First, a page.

New Proposed FSMA Regulations: From Farm to Fork

New Proposed FSMA Regulations: From Farm to Fork

A fter much anticipation and delay, on January 4, 2013, the Food and Drug Administration (FDA) released two proposed regulations under the Food Safety Modernization Act (FSMA) that will have a significant impact on food growers and producers: 1) Current Good Manufacturing Practice (CGMP) and Hazard Analysis and Risk-Based Preventive Controls for Human Food; and 2) Standards for the Growing, Harvesting, Packing and Holding of Produce for Human Consumption. The new rules are part of FDA’s overarching efforts to shift food safety focus from reactive to preventive. FDA met with farmers, industry, consumer groups, the international community, and other key stakeholders to develop new regulations that are practical and not “one-size-fits all.”

CGMP & Hazard Analysis & Risk-Based Preventive Controls

FDA’s proposals would add a new set of regulations implementing the Hazard Analysis and Risk-Based Preventive Controls provision of the FSMA. The new rules focus on preventing problems that can cause foodborne illness through two changes: Revisions to the existing CGMP and the addition of preventive controls.

Revisions to the CGMPs. The proposed rule would update or delete certain requirements in the existing CGMPs and generally “modernize” the language of the CGMPs. It would clarify that existing CGMP provisions requiring protection against contamination of food also require protection against cross-contact of food by allergens. Provisions directed to preventing contamination of food and food contact substances would also include preventing contamination of food packaging materials. Certain other CGMP provisions would be deleted, including provisions recommending temperatures for maintaining refrigerated, frozen, or hot foods. In addition, FDA is requesting comment on whether it should mandate training for food production facility employees and supervisors.

Preventive Controls. The proposed rule would require facilities of a certain size to develop formal, written food safety plans to prevent and correct food safety issues. Specifically, a facility would be required to evaluate “known or reasonably foreseeable” hazards; identify and implement preventive controls to address these hazards; monitor performance of the preventive controls; establish corrective action procedures when needed; and verify that the preventive controls are adequate to control the hazards identified. The preventive controls would include, as appropriate, process controls, allergen controls, sanitation controls, and a written recall plan. In all respects, FDA intends each facility’s food safety plan to be tailored to fit the facility and the risks associated with the facility’s food.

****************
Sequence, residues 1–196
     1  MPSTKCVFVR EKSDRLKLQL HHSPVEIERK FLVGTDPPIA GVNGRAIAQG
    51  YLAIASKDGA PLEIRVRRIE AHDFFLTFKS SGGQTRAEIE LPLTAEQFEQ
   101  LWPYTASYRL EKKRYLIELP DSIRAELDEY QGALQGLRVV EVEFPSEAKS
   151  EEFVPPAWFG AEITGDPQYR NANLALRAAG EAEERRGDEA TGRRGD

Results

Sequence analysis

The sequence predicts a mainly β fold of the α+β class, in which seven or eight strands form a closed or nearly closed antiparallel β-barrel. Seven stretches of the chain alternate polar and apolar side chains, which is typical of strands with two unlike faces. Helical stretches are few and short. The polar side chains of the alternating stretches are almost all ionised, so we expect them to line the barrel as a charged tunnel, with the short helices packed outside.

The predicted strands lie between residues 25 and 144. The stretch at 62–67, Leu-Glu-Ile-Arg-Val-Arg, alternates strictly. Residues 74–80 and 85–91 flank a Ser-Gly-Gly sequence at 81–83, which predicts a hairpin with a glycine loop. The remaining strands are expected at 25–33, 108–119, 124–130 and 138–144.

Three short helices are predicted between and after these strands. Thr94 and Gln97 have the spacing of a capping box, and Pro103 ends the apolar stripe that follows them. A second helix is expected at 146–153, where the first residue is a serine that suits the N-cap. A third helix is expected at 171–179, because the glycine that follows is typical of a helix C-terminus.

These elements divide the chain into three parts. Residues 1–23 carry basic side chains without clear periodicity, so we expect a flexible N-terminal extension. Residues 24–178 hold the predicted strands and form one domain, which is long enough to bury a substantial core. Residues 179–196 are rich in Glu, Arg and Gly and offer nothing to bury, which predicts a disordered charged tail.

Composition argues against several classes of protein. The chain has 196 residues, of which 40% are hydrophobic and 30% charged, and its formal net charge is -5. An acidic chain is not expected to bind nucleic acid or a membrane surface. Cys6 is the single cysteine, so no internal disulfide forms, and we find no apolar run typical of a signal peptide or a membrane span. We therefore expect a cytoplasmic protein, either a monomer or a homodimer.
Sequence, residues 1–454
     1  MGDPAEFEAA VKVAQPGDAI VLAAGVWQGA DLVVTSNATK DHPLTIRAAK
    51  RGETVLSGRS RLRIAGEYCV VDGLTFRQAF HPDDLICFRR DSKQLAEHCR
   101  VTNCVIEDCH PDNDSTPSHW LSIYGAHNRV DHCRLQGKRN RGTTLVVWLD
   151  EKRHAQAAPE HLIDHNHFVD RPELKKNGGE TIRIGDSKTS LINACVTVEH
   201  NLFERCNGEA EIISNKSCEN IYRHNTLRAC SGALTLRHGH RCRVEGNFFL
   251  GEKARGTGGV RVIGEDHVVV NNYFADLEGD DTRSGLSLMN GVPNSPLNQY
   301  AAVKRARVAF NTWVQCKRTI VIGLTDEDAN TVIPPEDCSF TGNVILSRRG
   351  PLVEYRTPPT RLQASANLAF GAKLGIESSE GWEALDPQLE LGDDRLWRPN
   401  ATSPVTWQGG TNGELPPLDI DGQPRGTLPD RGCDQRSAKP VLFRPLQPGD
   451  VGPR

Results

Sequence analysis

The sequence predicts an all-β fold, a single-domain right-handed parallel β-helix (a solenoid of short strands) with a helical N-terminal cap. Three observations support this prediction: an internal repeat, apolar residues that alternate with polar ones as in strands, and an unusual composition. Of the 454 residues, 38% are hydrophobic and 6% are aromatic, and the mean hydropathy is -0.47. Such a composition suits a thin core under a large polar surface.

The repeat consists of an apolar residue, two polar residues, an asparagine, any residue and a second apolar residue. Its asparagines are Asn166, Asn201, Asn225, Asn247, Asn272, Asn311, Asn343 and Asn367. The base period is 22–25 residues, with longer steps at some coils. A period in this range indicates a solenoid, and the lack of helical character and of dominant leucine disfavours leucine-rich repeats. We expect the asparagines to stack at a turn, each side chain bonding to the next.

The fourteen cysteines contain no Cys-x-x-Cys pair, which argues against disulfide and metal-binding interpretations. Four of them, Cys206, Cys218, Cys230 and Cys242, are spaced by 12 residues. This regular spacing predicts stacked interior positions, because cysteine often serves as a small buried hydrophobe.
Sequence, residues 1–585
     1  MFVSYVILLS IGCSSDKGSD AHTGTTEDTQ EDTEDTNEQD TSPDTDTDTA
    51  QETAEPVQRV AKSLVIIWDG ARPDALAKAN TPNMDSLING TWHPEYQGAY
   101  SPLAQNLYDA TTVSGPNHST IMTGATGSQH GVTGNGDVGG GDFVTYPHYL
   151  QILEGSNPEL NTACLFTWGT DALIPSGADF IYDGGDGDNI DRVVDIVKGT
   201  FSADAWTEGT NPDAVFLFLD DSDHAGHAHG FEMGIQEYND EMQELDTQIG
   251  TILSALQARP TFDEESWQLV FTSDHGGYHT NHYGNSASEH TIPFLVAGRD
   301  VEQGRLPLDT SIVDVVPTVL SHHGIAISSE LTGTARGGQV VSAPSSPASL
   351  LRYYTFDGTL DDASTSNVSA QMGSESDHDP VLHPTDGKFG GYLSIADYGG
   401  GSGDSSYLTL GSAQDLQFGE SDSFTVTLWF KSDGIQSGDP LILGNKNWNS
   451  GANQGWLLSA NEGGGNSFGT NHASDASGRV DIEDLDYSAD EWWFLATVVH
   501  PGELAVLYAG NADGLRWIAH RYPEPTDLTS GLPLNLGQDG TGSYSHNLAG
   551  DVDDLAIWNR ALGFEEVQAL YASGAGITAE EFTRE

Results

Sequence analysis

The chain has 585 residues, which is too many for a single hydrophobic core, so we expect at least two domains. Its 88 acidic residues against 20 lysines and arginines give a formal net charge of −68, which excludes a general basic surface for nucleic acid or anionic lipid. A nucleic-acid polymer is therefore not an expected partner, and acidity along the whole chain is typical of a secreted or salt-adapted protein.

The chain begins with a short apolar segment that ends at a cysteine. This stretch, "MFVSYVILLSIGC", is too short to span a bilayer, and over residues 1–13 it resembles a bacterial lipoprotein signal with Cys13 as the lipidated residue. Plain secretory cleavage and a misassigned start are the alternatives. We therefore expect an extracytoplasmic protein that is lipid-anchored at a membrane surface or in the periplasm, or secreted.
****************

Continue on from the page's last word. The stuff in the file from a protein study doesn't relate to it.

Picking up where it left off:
Food facilities are also required to document actions taken under the food safety plan, and those documents must be made promptly available to the FDA upon oral or written request (such as during an inspection), and to reanalyze the plan at least every three years. In addition, food facilities are required to appoint a “qualified individual” to prepare and oversee the food safety plan. The proposed preventive controls align with Hazard Analysis and Critical Control Points (HACCP) systems, but the new rule differs in that preventive controls may be required at points other than at critical control points and critical limits would not be required for all preventive controls.

The tentative proposed rule does not include requirements that companies engage in either environmental monitoring or finished product testing. However, FDA continues to seek comments on these provisions, and FDA recently indicated such provisions would be in the final rule.

The tentative proposed rule does not include requirements that ­companies engage in either environmental monitoring or finished product testing.

In general, with some exceptions, the preventive control provisions would apply to facilities that manufacture, process, pack, or hold human food and are required to register with the FDA under Section 415 of the Federal Food, Drug and Cosmetic Act. Activities within the definition of “farm” would not be subject to the proposed preventive controls. The proposed rules provide exemptions for certain facilities and for certain activities. For example, very small facilities or activities subject to and in compliance with existing HACCP regulations for seafood and juice are exempt from the requirements for preventive controls. In addition, the FDA is proposing modified preventive control requirements in certain circumstances, such as modified requirements for warehouses solely engaged in the storage of packaged food that is not exposed to the environment. Modified requirements would also apply to “qualified facilities” (a very small business or one with three-year average annual sales of less than $500,000, with more than half of sales going directly to consumers or to restaurants/retail food establishments in the same state or within 275 miles).

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